Патент USA US2123884код для вставки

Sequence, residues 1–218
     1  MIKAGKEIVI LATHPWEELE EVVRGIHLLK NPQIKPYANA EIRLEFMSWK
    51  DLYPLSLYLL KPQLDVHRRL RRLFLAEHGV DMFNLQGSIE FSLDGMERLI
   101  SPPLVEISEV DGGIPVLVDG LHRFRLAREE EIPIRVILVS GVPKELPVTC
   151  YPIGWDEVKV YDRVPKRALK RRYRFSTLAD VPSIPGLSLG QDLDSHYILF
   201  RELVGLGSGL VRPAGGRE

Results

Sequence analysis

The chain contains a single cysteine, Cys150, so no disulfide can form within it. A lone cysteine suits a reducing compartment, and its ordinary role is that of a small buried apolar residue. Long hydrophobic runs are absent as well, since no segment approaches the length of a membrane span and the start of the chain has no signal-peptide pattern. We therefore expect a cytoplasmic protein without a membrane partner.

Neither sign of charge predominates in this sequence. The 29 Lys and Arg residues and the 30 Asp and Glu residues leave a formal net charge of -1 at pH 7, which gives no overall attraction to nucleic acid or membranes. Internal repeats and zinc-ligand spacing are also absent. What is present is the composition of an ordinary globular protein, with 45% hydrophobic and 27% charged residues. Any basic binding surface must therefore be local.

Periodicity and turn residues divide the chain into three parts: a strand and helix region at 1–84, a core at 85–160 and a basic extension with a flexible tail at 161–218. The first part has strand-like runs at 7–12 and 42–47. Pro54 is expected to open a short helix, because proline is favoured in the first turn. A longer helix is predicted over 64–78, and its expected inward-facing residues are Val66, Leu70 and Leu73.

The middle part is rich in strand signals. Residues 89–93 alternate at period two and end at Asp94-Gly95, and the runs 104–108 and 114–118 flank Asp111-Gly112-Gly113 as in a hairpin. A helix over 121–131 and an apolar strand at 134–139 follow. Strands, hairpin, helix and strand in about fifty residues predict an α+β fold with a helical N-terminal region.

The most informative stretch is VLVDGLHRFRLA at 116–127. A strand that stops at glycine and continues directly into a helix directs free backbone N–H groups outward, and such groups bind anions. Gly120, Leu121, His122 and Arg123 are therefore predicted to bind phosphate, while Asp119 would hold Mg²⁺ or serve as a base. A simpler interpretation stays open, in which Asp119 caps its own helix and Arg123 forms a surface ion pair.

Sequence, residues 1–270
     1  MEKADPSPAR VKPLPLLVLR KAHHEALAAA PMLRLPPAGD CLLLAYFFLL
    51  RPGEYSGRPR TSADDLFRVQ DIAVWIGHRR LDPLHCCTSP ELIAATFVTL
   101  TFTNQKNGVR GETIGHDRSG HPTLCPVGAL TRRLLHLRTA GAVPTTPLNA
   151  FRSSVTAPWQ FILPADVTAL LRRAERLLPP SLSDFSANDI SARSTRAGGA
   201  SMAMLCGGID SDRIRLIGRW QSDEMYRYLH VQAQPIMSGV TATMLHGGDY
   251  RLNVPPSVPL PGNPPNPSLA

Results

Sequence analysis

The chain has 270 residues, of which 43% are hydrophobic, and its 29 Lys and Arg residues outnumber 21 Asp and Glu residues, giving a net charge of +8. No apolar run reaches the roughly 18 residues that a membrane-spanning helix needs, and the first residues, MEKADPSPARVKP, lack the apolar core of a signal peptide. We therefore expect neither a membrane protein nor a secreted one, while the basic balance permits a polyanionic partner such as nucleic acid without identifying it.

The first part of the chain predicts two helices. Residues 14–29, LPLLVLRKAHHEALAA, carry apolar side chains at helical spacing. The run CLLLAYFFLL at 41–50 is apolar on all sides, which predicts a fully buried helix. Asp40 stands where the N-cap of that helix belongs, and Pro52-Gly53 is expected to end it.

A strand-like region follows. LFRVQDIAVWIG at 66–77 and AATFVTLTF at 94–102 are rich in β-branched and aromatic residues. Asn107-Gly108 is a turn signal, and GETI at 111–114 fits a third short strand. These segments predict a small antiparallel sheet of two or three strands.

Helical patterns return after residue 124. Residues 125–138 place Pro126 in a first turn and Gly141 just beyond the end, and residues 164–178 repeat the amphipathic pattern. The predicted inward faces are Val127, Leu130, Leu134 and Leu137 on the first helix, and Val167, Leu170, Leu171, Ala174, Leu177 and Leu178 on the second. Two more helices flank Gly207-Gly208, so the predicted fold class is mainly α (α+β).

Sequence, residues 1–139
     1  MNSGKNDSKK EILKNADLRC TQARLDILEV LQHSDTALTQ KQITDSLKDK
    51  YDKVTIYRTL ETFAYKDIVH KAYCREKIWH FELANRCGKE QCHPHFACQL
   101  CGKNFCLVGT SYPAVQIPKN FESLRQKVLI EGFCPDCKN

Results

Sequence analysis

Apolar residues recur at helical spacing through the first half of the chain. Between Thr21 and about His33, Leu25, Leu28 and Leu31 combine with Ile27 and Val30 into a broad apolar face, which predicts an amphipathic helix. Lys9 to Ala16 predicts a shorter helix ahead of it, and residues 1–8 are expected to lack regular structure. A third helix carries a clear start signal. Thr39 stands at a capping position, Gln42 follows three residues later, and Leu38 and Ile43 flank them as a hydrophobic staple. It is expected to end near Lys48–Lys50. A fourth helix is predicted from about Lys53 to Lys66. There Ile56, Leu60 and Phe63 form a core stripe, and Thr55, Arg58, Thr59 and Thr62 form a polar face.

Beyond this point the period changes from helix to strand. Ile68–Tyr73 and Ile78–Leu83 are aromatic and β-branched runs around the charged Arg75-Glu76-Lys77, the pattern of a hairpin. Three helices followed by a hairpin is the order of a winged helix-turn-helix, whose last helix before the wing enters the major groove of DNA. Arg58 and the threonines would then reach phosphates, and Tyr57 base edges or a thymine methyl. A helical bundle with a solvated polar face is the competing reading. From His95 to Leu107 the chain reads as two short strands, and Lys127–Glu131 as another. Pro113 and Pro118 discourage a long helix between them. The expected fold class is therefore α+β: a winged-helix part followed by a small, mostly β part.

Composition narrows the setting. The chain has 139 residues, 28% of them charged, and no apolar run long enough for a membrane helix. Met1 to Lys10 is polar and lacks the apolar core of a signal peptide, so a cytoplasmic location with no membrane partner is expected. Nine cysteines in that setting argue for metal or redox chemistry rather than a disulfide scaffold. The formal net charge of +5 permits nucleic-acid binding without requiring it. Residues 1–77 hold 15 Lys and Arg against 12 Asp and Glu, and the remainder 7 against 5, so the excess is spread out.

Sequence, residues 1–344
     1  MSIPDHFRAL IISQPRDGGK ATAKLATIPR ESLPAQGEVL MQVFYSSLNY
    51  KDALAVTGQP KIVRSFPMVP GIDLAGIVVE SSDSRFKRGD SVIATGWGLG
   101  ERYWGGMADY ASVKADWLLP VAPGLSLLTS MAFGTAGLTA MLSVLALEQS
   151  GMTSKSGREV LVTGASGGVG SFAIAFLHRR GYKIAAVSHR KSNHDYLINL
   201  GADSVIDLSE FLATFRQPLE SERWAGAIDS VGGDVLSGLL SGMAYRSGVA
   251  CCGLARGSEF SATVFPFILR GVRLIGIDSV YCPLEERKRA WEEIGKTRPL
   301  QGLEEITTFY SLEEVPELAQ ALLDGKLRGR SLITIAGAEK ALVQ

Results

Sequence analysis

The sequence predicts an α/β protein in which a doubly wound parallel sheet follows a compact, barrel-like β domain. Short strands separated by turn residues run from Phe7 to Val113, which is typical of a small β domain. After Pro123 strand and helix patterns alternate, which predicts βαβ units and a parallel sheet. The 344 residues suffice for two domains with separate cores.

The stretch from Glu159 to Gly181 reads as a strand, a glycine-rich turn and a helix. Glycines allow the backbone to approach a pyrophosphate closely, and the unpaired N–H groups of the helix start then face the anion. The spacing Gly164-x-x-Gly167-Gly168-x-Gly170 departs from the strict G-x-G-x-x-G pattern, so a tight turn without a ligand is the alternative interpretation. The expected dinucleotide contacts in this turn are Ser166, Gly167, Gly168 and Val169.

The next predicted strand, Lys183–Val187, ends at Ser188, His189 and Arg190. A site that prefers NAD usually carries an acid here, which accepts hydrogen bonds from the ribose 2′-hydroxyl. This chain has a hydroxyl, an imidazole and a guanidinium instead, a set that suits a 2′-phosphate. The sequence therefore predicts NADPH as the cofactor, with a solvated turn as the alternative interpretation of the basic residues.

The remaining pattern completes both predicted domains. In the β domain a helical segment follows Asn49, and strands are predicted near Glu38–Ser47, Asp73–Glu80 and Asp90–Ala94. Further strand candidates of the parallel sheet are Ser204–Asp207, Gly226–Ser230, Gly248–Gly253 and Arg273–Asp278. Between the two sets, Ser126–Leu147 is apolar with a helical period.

July 19» 1938- Ü c. B. FAvl-:RTY VAPORIZER STARTING SYSTEM Filed Dec. 15, 1932 um , ' mw 2,123,884 ` 2,123,884 Patented July 19, 1938 Y UNITED STATES PATENT oFFlcE 2,123,884 VAPORIZER STARTING SYSTEM Clyde B. Faverty, Chicago, Ill., assigner to Mark C. Bates, Chicago, lll. Application December 15, 1932, Serial No. 647,391 5 Claims. (Cl. 48-144) My invention relates in general to vaporizing apparatus and more in particular to a start-ing system for a vaporizing apparatus. In the copending application of Charles A. 5 French, Serial No. 603,491, filed April 6, 1932, a vaporizing apparatus is disclosed in which hot gases of combination from a pilot light are _de livered to a vaporizing chamber below the level of liquid hydrocarbon maintained therein, where' 10 by to vaporlze a portion of the liquid hydrocarbon by sensible heat. The vaporized hydrocarbon is. delivered to an aspirator including a forcing nozzle through which air under relatively high _ velocity and pressure is delivered. The vapor is 15 entrained and mixed with the air and the re - sulting mixture is delivered to burners for com bustion. on certain types of processes. In some forms of installations, starting of the vaporizing appara tus becomes considerable of a problem. This is 25 sometimes due to the fact that the furnace at mosphere in certain processes must be main tained with exactness and any deviation from the desirable character of the furnace atmosphere even for a relatively short time is apt to cause For these and other reasons readily understandable to those skilled in the art, it ls desirable to have quickly operable and 35 > In accordance with the general yfeatures of the invention, I may start the vaporizing appara tus by thoroughly heating the vapor chamber 5 before the admission of fuel thereto, whereby, when operation is initiated through the operation of a blower andthe admission of fuel to the vapor chamber, the pilot burner will have sumcient fuel available for immediate ignition. In accordance 10 with another feature, I may employ a commer cial source of gas in starting whereby immediately to have a combustible mixture available for initiating burning at the pilot light. I also pro vide means for controlling the delivery of the out- 15 v going mixture to prevent incorporation into the furnace of a type `of mixture not` suited to its A vaporizing apparatus of this character has been employed with very excellent and satisfac 20 tory results in a large number of commercial in dustries, principally to supply heat in carrying 30 deleterious results. illustrates the vaporizing apparatus and the means for starting the same. operation or the process in which it is used. Now, referring to the drawing, I show a vapor chamber I0 adapted to contain a liquid hydro- 20 carbon fuel at the approximate -level of the dotted line A. 'I‘he fuel is supplied by a tank II passing through a sediment bulb I2 and through a pipe I3 to a float chamber I4 and from the ñoat chamber through a pipe I6 to the vapor 25 chamber. It is the float (not shown) which maintains the level of thev liquid hydrocarbon constant in the vapor chamber. A balance line I‘I connected to the vapor chamber and to the 'top of the float chamber maintains a uniform 30 gas pressure and proper operation of the ñoat. The vapor chamber is connected by a passage properly controllable starting means for such a way I8 with a Venturi tube I9 which forms part vaporizing apparatus. of an aspirating apparatus including a forcing nozzle 2|. The forcing nozzle receives air 35 through a pipe 22 from a blower 23, a valve 24 being provided in the line, if necessary. The amount of vapor delivered to the Venturi tube being controlled by a valve 26, a portion of the vapor passes to the Venturi tube, is entrained by 40 the air at the forcing nozzle and combines there with producing a combustible mixture. The combustible mixture is delivered to a pipe 21 to which the Venturi tube connects. A pipe 28 ‘ 'I'he principal obj ect of the invention is the pio vision of improved starting means for a vaporizer of the character described. Another object is to deliver a substantially con stant type of combustible mixture to a furnace. 40 Another object is the provision of a starting system wherein full operation may be attained in a relatively short length of time. Another object is to start a vaporizing ap-` paratus with a minimum of loss of time, fuel and 45 energy. Another object is the provision in a vaporizing apparatus of a plurality of types of starting means whereby the vaporizing apparatus is ~adapted. for use with substantially any type' of 50_ process and under substantially any given set of conditions. Other objects and features of the invention will be apparent from a consideration of .the following detailed description taken with the ac 55 companying drawing, wherein the single figure shaped ,to` trap some of the combustible mixture 45 is sealed through the wall of the pipe 21 where it joins'the Venturi tube. This pipe withdraws combustible mixture which is burned by a pilot light 29. Hot gases of combustion are delivered from the pilot light to a passageway 3| and 50 thence to an extension 32 to the lower side of a bubble plate 33, supported below the level of liquid in the vapor chamber. This bubble plate preferably is perforated so as to subdivide the gases of combustion and cause them to bubble 55 2 2,123,884 up in a finely divided condition through the liquid hydrocarbon. The sensible heat of the com-> bustion gases causes a vaporization of a portion of the liquid hydrocarbon, the vaporized portion, of course, rising due to the suction of the aspirator through the connection I8 for corn mingling with the air at the forcing nozzle. Since the pilot light depends upon the produc tion of a combustible mixture for its operation, and since the production of a combustible mix ture is dependent upon the proper combustion of fuel at the pilot light, it is readily understood that the apparatus may, at certain times, pre sent some problems in starting, particularly where relatively very rapid starting is required and only the most satisfactory mixture delivered to the main burners. In accordance with one of the features of the invention, I provide an electrical resistance 36 beneath the vapor chamber supplied with elec tric current from a suitable source (not shown) by wires (not shown), the vapor chamber being preliminarily heated by passing an electrical cur rent through the resistance element 36. In starting, the vapor chamber is ilrst drained by closing valve 31 and opening valve 38 in the drain pipe 39. With no liquid in the vapor cham ber, the heat produced by the heat element will raise the temperature of the entire combustion 30 chamber. When now, liquid fuel is admitted, a portion of the liquid fuel will. be vaporized by contact with the heated surfaces and if the blower is started at the same time a mixture will be produced sufficiently rich to burn at the pilot As the pilot light continues to burn the 35 light. relative amount of fuel vaporized will be in creased and very shortly substantially operat ing characteristics will be established. The lvapor chamber may be heated before the I may, for example, heat it with an ordinary blow torch, but preferably by backing lup nut 4| on the pilot light to form an opening to which the blow torch can be applied. By then operating 45 the blower, the .torch flame will be drawn through the passageway 3| and will have the effect of rapidly heating the vapor chamber and all por tions of the apparatus immediately associated therewith. 'I'he liquid fuel may then be admitted 40 admission of the fuel thereto by other means. fore facilitates starting, it will have substan tially no effect upon operation of the apparatus. To avoid delivering an improper mixture to the burners of a commercial furnace, I provide a three-way valve 46 in the line 2l running to the manifold 47. This manifold is shown only schematically, it being understood that it may consist of a number of branches to deliver a com bustible mixture to a number of burners. The three-way valve has a core of a suitable and 10 usual type through which a main passageway 48 is provided, this passageway being connected by a radial passageway 49. With the valve set in the position indicated in the drawing, the two passageways co-operate to deliver the air and 15 vapor mixture to a pipe 5|. Thus the flow of these gases to the manifold is cut off and it is impossible to deliver an undesirable mixture into the furnace. By means of the system described, it is obvious 20 that the vaporizing apparatus may be started under substantially any condition in a relatively short length of time to produce the maximum amount of vaporized hydrocarbon after which the operation proceeds in a normal manner. Reference is hereby made to my copending application, Serial No. 647,392, filed December 15, 1932, which discloses subject matter in the form of apparatus similar to that shown in the pres ent application. 30 I have described my invention in detail to permit those skilled in the art to practice the same. I am not limited, however, to the specific forms of the invention shown and described, ex cept insofar as they are defined in the appended 35 claims. What I claim as new and desire to protect by Letters Patent of the United States is: 1. In a fuel vaporizing apparatus, a vapor chamber, an aspirator including a forcing noz zle and Venturi tube, means for delivering air at a high velocity through the forcing nozzle, a connection between vthe vapor chamber and Venturi tube near said forcing nozzle whereby fuel vapor is entrained with the air and mixed 45 therewith, means for withdrawing an air and vapor mixture as it leaves the aspirator, a pilot light for burning said air and vapor mixture; means for delivering hot gases of combustion 50 and vaporization will be established sufficiently from the pilot light to the lower portion'of the immediately to initiate operation of the pilot vapor chamber, means for maintaining a pool of liquid fuel in the vapor chamber at a level above that at which said hot gases are delivered. light. As to the medium of starting under certain conditions, I also provide a gas inlet 42 con 55 trolled by a valve 43 and connected to a gas main or suitable source of gas supply by a pipe 44. 'I‘his gas inlet 42 projects into the blower pipe 22, Where it joins the forcing nozzle so that gas in amounts determined by the regulation of the 60 valve 43 is delivered directly into the air stream. The gas so admitted can, if advisable, be burned at the main furnace burners (not shown). Its principal utility, however, is to enable the opera tor to start the pilot light immediately whereby 65 hot gases of combustion may be produced by the pilot flame and vaporization of the liquid fuel in the >vapor chamber is started at once. As the amount of hydrocarbon vapor increases, the valve 43 is gradually cut oif to diminish the 70 amount of gas introduced until substantially the maximum amount of vaporization is reached, at which time the gas is entirely cut off. The gas inlet is so arranged that it interferes to a sub stantially negligible extent with the movement 75 of air through the blower pipe. While it there and means for mixing a supply of gas with the air before it passes through said forcing nozzle. 65 2. In a fuel vaporizing apparatus, a vapor chamber, an aspirator including a forcing nozzle and Venturi tube, means for delivering air at a high velocity through the forcing nozzle, a connection between the vapor chamber and Ven turi tube near said forcing nozzle whereby fuel vapor is entrained with the air and mixed there with, means for withdrawing -an air and vapor mixture as it leaves the aspirator, a pilot light for burning said air and vapor mixture, means 65 for delivering hot gases of combustion from the pilot light to the lower portion of the vapor chamber, means for maintaining a pool of liquid fuel in the vapor chamber at a level above that at which said hot gases are delivered, and an 70 electrical heating element disposed in contact with the vapor chamber. 3. In a fuel vaporizing apparatus, a vapor chamber, an aspirator including a forcing nozzle and Venturi tube, a connection between the 75 3 2,128,884 vapor chamber and Venturi tube near the forc ing nozzle, means for delivering air at relatively high velocity through the forcing nozzle to with draw vapor from the vapor chamber, means for withdrawing mixed air and vapor from the as pirator, means for burning said mixed air and vapor, means for maintaining a pool of liquid fuel at a predetermined level in the vapor cham ber, means for delivering the hot gases of com bustion to the vapor chamber beneath the level of the liquid fuel therein, and means for heating the vapor chamber to initiate starting before the admission of fuel to the vapor chamber wherein said heating means comprises an elec 15 trical heating element disposed in contact with the vapor chamber. ` 4. In a fuel vaporizing apparatus, a vapor chamber, an aspirator including a forcing noz zle and Venturi‘tube, a connection between the 20 vapor chamber and Venturi tube near the forc ing nozzle, means for delivering air at relative ly high velocity through the forcing nozzle to withdraw vapor from the vapor chamber, means for withdrawing mixed air and vapor from the aspirator. means for burning said mixed air and vapor. means for maintaining a pool of liq uid fuel at a predetermined level in the vapor chamber, means for delivering the hot gases of combustion to the vapor chamber beneath the level of the liquid fuel therein, and means asso ciated with the chamber to heat the chamber to initiate starting. . 5. A liquid fuel vaporizing apparatus compris ing a vaporizing chamber for holding a pool of 10 the liquid to be vaporized, an aspirator includ ing va forcing nozzle connected to said vaporizing chamber, means for delivering air under pres sure through said forcing nozzle whereby fuel vapors are withdrawn from said vaporizing cham ber and entrained in said air, means for pass ing hot gases of combustion directly into and beneath the surface of the pool of the liquid fuel within said vaporizlng chamber, and inde pendently operated means associated with the 20 vaporization chamber for initiating vaporization of said liquid fuel. CLYDE B. FAVERTY.